You can use this same formula in your industry to attract leads. Write an amazingly valuable, in-depth article that will appeal to an audience of your potential customers. Then at some point in the article, let them know that you offer a paid service to those interested in benefiting further from your expertise.

Turning Leads into Clients

handshake  behind a corporative building.Great for any design.

All the leads in the world don’t mean a thing if you can’t close the sale. When I first started out, I was letting most of my online leads slip through the cracks.

One of my big mistakes was writing long emails that included lots of complicated questions. Video projects are complex by nature, but it was my job to make it simple for the client. I didn’t realize that at first and the result was that I overwhelmed some leads to the point where they just didn’t reply back.

With each lead I’ve responded to, I’ve learned a little bit more about how to talk with somebody who’s interested in hiring my services. I’ve come a long way and today I feel confident that – as long as the our businesses are a good fit for one another – I can turn every lead into a client.

Seek First to Understand

When you get an email from a new lead, your instinct is probably to reply right away. But before you click ‘send’, make sure that you’ve done a little bit of online sleuthing into the identity of your new lead.

After a quick read-through of your lead’s website or LinkedIn profile, you can generally get a good feeling for the size of their business, their role in the business, and their likely objectives for the project. This knowledge will inform you as you consider the services you could offer them and the rates you will charge.

You may also get the impression that the person on the other end of the email isn’t likely to make a good client. Maybe you can glean from their website that they haven’t invested much time in their business, that their resources are very limited, or that they engage in shady business practices.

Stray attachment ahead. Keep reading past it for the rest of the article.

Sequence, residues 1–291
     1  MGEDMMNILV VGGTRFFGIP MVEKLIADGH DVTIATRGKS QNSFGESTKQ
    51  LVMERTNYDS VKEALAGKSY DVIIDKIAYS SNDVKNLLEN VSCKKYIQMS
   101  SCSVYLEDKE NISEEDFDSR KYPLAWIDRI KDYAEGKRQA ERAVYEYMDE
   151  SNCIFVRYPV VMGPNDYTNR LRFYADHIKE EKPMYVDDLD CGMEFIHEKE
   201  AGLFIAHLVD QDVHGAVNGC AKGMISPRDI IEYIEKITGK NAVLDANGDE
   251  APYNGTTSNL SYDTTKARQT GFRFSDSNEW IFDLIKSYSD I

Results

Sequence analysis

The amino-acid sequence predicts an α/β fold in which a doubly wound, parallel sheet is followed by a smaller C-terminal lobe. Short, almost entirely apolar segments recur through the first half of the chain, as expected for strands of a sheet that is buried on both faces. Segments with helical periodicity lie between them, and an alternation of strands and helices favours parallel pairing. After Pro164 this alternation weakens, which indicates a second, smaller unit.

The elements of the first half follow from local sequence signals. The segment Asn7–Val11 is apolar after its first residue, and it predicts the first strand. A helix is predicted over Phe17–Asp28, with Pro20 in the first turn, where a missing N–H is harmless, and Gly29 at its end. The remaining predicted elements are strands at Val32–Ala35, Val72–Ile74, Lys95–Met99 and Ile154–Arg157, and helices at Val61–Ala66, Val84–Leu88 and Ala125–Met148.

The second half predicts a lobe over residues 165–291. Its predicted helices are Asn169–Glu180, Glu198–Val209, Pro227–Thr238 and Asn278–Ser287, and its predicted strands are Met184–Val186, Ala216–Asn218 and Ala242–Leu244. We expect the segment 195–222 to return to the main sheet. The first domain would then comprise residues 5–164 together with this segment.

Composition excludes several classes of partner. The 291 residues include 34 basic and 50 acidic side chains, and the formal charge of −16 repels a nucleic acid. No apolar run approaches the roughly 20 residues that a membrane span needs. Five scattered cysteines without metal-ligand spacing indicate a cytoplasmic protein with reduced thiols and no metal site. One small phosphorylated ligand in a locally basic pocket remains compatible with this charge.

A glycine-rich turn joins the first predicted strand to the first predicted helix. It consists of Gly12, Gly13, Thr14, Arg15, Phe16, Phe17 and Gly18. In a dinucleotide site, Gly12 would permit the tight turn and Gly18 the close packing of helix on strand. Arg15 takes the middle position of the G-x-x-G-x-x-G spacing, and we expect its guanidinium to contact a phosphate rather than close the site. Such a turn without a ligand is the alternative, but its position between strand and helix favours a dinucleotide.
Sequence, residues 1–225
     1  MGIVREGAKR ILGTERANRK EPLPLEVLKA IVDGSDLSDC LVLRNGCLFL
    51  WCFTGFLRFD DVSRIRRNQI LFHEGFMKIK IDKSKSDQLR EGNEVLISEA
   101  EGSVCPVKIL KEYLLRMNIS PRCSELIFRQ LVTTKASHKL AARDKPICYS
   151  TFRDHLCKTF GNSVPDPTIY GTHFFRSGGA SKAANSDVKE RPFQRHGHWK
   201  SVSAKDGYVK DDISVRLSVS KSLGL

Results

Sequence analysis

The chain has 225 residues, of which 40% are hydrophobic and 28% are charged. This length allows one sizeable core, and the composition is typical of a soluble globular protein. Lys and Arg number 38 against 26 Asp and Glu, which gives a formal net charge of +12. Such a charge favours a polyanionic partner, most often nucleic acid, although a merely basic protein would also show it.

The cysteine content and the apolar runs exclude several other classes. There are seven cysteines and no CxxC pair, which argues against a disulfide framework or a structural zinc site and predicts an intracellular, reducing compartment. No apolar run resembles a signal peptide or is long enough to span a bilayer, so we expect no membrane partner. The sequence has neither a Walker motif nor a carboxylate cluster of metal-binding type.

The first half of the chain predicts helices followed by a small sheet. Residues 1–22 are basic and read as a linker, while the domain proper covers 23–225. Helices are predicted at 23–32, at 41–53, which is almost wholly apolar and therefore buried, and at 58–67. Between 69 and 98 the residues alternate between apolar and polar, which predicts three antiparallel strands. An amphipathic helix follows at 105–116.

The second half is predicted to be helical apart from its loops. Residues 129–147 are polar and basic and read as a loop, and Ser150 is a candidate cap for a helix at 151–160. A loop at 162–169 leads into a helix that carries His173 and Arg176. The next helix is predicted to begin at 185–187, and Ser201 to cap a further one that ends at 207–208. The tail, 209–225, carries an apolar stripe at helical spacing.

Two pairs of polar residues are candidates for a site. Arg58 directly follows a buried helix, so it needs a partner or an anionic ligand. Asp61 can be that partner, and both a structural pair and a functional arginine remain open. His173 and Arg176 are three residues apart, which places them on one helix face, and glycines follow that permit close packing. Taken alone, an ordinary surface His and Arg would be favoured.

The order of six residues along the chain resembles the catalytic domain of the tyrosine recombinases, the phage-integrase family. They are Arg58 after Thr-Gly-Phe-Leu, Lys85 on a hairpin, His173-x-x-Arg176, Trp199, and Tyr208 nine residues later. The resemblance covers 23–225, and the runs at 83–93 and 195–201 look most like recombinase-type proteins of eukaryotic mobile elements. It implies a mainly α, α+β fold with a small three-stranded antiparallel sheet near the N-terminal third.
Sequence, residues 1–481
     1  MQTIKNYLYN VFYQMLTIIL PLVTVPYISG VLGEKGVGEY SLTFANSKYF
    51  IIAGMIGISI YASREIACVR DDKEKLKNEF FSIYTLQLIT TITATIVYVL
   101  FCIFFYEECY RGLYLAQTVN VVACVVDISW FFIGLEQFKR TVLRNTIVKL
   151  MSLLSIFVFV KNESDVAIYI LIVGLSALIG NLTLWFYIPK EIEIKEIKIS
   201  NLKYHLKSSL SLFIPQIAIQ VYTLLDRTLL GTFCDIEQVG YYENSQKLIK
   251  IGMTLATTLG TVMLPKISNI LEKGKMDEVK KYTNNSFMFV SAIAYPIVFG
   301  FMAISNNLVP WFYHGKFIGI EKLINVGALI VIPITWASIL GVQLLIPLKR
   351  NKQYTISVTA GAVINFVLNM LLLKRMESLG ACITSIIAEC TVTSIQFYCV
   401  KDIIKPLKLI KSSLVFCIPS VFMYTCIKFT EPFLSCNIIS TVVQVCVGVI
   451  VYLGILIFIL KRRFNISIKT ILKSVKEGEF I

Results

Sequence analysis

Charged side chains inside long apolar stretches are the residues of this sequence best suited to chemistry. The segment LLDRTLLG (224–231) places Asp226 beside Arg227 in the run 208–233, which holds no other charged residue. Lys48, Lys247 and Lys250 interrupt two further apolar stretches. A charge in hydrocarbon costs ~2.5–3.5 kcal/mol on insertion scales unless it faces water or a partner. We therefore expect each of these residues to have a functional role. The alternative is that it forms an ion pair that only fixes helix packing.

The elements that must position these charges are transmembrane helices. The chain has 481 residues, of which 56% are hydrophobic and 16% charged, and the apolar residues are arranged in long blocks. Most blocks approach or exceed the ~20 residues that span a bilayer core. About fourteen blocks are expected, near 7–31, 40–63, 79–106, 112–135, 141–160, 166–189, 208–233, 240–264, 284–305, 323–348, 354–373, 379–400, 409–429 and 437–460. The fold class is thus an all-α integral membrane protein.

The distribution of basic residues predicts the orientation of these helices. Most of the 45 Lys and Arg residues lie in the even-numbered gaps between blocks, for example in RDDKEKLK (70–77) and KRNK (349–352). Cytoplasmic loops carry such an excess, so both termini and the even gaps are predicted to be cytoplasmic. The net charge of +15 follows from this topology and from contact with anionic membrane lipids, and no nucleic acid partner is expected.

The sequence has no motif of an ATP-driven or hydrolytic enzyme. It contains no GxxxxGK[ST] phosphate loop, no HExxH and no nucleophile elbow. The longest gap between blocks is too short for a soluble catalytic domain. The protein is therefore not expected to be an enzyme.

Not all leads are created equal – and some simply aren’t worth following up with. For those who are, the more you know about them and their business, the more likely you’ll be able to close the deal.

Get Them on the Phone / Skype

The best advice I’ve ever received about landing clients online came from Nicholas Tart. He told me that closing a sale over email is incredibly difficult and that I would have better luck if I instead used email to schedule a conversation over phone or Skype.

I tried this with my very next lead – and I closed the sale in that first conversation over Skype. Ever since I’ve taken up this practice I’ve enjoyed a significantly higher conversion rate.

Why Talking Voice-to-Voice is So Important

First, a phone conversation helps me to understand the client’s project and their needs better than email. I can ask questions of them and get immediate responses, one after the other (something that would probably take six emails over the course of a week otherwise). When I understand my clients better, I’m better able to offer them the right service at the right rate. Hence, more sales.

Talking to a potential client in person helps me to make a personal connection with the person on the other line. This is helpful in earning their trust – and trust is all-important in doing business.

The Shortcomings of Talking Over the Phone

While a phone conversation is great for getting the ball rolling, it isn’t the best way to seal a project in stone. After all, the details of phone conversation are quickly lost. That’s why I end each conversation with a promise to compile some of what we discussed into a project plan that I’ll send to them the following day.

The Power of Project Plans

I learned my lesson early on that it’s important to have some sort of written agreement between both parties that details the services to be rendered, the method and amount of payment, and all other important expectations of the project.